Idolatry: I don’t want to stop
Something inside of me wanted to accept (passively) but could not accept (aggressively) the party line as I was growing up. I was just a kid and the adults knew better than I. But I had needs that were not being met that left me empty and wanting.
When I was old enough to understand, I came to realize I (secretly) believed that:
- God was no fun
- God withholds
- God can’t be trusted (God is fickle)
As a young adult I discovered I could meet some of my needs by fantasizing and looking at pornography. The psychological rush seemed to fill up my emotional needs for a while, but the hunger soon returned. As the addiction took hold I discovered how hungry and needy an idol can be.
This idolatry was not the boldfaced kind of the pagan “Gentile” nations. This idolatry was more like the nation of Israel’s propensity to add other gods along with the God of Abraham, Isaac and Jacob. The Israelites fell into idolatry and kept images from other pagan religions in their houses. Prophets would speak out against their rampant idolatry and warn them of looming war and possible slavery.
And just as the Israelites resisted these messages and ignored the warnings, I too had fallen into a rigid mid-set that resisted the warnings from God.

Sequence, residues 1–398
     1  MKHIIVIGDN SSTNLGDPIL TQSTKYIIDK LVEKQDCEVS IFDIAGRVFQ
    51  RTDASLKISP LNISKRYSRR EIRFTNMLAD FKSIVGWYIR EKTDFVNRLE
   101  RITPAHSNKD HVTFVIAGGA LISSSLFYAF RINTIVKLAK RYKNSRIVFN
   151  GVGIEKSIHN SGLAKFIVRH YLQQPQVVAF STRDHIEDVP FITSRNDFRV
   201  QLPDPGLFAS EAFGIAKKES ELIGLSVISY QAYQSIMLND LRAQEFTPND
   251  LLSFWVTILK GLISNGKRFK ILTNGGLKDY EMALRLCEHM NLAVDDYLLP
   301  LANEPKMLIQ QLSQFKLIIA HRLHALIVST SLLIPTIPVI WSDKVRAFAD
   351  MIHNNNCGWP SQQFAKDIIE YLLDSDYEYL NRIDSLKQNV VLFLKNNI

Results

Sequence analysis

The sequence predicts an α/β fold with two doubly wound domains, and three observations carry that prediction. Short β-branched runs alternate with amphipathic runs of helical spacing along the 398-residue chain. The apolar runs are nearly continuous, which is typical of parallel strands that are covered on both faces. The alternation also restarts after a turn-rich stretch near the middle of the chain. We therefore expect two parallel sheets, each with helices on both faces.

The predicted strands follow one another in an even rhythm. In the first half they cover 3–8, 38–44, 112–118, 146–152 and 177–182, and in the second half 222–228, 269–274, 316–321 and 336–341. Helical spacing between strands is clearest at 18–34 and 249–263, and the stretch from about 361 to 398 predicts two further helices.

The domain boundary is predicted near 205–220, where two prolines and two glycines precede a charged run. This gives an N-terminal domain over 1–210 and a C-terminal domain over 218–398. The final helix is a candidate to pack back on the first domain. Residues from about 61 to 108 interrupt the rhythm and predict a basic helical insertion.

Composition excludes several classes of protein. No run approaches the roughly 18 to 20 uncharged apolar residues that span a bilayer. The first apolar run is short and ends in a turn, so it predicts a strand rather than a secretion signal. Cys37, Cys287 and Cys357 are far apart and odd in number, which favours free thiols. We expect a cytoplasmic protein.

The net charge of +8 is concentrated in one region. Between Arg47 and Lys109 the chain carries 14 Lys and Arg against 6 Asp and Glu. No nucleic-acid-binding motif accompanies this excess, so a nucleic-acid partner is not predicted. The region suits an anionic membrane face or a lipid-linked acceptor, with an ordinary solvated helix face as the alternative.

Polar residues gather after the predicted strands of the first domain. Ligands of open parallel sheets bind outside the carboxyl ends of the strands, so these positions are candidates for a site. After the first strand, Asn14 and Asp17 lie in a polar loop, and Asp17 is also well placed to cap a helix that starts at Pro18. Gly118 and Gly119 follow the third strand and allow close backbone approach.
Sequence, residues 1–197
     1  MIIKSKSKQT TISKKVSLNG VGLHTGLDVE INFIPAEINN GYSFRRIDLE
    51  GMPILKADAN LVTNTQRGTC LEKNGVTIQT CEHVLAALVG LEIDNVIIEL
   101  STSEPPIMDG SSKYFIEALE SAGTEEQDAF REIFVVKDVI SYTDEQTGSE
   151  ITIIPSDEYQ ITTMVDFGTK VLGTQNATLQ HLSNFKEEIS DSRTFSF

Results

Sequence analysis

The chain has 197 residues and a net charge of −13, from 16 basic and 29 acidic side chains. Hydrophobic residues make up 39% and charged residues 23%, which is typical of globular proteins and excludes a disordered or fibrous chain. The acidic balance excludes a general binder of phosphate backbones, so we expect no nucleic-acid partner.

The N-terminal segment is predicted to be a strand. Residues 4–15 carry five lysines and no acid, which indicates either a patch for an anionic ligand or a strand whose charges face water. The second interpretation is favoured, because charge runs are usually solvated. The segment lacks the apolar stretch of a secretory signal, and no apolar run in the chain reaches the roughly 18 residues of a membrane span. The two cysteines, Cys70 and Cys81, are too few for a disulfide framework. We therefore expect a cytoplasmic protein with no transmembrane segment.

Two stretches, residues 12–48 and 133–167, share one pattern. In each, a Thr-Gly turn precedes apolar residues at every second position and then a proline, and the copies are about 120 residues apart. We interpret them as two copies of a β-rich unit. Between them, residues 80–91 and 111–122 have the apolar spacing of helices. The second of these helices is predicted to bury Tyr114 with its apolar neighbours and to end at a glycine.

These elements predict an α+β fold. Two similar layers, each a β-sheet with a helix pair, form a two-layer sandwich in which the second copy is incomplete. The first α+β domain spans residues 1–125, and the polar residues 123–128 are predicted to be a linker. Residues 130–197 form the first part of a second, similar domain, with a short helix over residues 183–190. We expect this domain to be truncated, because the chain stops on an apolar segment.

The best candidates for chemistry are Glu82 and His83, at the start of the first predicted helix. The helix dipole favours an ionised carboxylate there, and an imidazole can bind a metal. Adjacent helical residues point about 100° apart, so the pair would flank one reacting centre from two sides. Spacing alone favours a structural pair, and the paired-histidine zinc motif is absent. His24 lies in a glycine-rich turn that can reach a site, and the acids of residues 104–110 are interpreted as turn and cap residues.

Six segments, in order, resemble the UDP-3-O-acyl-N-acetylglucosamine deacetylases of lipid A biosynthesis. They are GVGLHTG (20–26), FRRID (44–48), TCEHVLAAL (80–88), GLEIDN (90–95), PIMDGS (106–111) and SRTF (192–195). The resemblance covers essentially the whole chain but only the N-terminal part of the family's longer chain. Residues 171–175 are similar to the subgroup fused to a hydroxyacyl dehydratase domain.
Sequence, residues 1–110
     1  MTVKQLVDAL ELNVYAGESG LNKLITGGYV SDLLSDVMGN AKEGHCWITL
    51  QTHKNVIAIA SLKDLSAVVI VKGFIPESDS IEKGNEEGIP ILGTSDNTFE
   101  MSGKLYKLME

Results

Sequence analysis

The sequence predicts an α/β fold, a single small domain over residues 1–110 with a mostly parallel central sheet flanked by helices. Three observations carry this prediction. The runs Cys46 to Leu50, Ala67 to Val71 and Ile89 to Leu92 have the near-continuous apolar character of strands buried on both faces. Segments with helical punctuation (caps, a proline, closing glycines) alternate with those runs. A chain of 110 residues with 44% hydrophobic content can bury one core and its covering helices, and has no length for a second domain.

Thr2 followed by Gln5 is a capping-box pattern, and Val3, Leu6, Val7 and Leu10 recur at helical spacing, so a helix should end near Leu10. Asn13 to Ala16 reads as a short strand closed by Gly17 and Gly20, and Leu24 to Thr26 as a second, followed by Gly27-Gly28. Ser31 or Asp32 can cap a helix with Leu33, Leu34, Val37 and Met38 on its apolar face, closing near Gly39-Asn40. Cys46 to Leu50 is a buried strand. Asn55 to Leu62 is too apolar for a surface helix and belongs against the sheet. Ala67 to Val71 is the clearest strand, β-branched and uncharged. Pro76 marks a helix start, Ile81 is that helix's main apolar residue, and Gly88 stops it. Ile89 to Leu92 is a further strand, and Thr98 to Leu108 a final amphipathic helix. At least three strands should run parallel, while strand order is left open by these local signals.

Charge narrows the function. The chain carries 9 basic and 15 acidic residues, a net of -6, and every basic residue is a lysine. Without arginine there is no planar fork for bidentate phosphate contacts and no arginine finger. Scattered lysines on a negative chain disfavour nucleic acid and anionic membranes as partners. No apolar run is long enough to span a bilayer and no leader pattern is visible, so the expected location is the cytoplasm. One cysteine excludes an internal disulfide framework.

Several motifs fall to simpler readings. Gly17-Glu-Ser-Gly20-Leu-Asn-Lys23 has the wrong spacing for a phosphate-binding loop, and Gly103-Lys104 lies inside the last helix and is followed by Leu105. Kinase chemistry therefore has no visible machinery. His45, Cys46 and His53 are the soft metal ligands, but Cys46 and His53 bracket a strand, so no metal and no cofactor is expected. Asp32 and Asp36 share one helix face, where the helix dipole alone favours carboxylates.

But I had a better idea. I had a method of “worship” that left me feeling more in control. I felt more self-reliant. Relying on God made me feel weak, and I wanted a God that made me feel stronger. I guess you could say that I was ‘hell-bent’ on fulfilling these needs myself. And as I continued to try to fill this hole in my heart, I fell deeper and deeper into a hell of my own making.
But I had dug in my heels as I continued to resist the voice of God. Once in a while I would receive – by pure grace – a clear message of what it could be like for me. But I was already in captivity. My mind was trapped; my heart was hard; my will had been kidnapped and taken to an unfamiliar place.
Eventually, I started to accept the duplicity and my idolatrous style of religion. Lightning didn’t strike me when I stepped over the line initially, so I just kept going in my determined waywardness. Secretly, I had said to myself and God, “I don’t want to stop.”
Tomorrow’s topic – Idolatry: Coping with powerlessness